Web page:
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Activities for someone who has had a stroke?

My mom had a massive stroke and because she was not found for over 12 hours the damage was pretty severe. She is paralyzed on her right side, walks slowly and sometimes has trouble remembering the correct words. She has great difficutly doing fine motor skills with her left hand (she's right handed) and she is frustrated that she can no longer knit or crochet. I think she is very bored & tired of just watching TV but I don't know what activities to try that she would be able to do without getting more frustrated. Her mind is all there so I definitely don't want to do anything childish.
Status: Open    Jan 13, 2016 - 12:49 AM


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Jan 17, 2016 - 10:23 AM


I have worked with many people that have experienced strokes. I had one patient that had the exact same problem as your mom - had a passion for crocheting but could no longer do it. We watched this youtube video that is included in the source and with practice (a lot I might add), used a very large hook and she was able to do it! The hardest part was that she was using her non-dominant hand as well but because she was able to cognitively follow directions, and she eventually figured it out. It gave her a new sense of purpose!

A few other ideas: you could both read the same book and do a "bookclub," reading independently on kindle so pages are easy to turn, books on CD, helping with cooking such as stiring wiping down windows, table, counters, etc do not require fine motor, help plan something: a grand kids party, family event, what you are having for dinner for the week and you write down the list with ingredients, participate in an elderly exercise class at a senior center: all abilities particpate and great interaction, or even speakers and events at the senior centers, get out old photo albums and reminisce

Wishing you the best!


Jan 19, 2016 - 10:27 AM

I think the ideas suggested above are wonderful and would just add one. You might reach out to a woman's knitting/crochet group, our church has one, and see if they would visit and allow her to be part of the group. She might enjoy conversation about the different stitches and types of yarn being used, and seeing the finished products.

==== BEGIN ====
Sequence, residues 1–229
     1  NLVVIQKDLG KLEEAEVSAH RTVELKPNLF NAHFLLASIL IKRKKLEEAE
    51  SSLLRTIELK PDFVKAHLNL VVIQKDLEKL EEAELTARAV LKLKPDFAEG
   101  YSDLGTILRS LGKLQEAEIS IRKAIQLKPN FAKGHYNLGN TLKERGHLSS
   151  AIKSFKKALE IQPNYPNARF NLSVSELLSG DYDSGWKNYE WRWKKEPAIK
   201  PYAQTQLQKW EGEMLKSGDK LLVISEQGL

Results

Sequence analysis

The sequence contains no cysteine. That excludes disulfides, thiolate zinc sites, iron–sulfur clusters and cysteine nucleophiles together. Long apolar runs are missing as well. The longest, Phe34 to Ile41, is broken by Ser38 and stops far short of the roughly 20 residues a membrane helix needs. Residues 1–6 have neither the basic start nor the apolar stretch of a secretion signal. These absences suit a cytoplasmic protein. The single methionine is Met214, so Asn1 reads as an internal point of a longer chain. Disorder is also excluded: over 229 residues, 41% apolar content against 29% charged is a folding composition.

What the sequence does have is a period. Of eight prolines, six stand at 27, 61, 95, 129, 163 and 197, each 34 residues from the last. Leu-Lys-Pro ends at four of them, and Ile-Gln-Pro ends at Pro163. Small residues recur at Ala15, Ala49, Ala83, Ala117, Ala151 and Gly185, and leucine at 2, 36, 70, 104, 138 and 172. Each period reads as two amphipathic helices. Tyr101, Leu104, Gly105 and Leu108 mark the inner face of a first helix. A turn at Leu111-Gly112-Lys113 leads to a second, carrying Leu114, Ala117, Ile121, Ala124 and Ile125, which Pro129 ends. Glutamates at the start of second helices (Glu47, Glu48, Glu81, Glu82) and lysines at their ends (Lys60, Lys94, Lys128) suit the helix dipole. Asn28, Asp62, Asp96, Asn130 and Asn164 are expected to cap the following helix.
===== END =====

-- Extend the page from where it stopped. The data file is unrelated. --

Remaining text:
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By helensrudd on Aug 05, 2016 - 04:00 AM | Like (0)  |  Report

Even I too agree with the same. But it's not necessary that we could spare time for our elderly ones and he bonding between you and your mother remind me the friendly relation between me and my mum. My mother is a dementia patient. She can’t even proper communicate with anyone because of the memory loss. The worst thing is, i can’t always be there for my mother as i have to look after my kids, husband and work at the same time. Due to my hectic work schedule, i can visit her on weekends only. I have appointed a 24 hour in-home caregiver who is always available with my mother in case of any emergencies in my absence. The best part is, even if she is not with her daughter, she is satisfied with all the sense of comfort, independence, and family belonging with her new companion

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Jan 22, 2016 - 03:39 PM

In addition to the other suggestions, this may be another option for your mom. Is your mom still receiving therapy for her stroke? The occupational therapist is usually part or the therapy team for a stroke patient. They not only help patients relearn their activities of daily living but have expertise with fine motor skills and recreational activities. I have found them to be very creative in helping people adapt so they are able to engage in some activities that they have enjoyed before they had a stroke. You might inquire about an OT or if she is already receiving OT, talk the therapist about some activities.


Jan 16, 2016 - 06:16 AM

If she loves to knit or crochet there are looms that she can use. The ones I have seen are round and you loop the yarn over the pegs then use a hook to bring a piece of yarn over the top of the peg. Sounds complicated now that I have written it out but it might work for your Mom.
Check the craft store for other projects like this.
Could she handle over size crochet hooks? Or the over size knitting needles?
The No Sew blankets made with the Polar Fleece material are great blankets and are pretty easy to do just knotting 2 pieces of the fleece together.
If she can use a sewing machine? A quilt might be a good project for her. I have one a friends Grandma made for me and it was a simple one, small squares sewn together then to attach the back fabric to the front with the batting between she just knotted a bit of yarn in the center of each little square she sewed together. Not a fancy qilt by any means but it does keep me warm.

Maybe branching out to a new form or artwork might be good, painting might be good for her and she may just discover a new talent she never knew she had.
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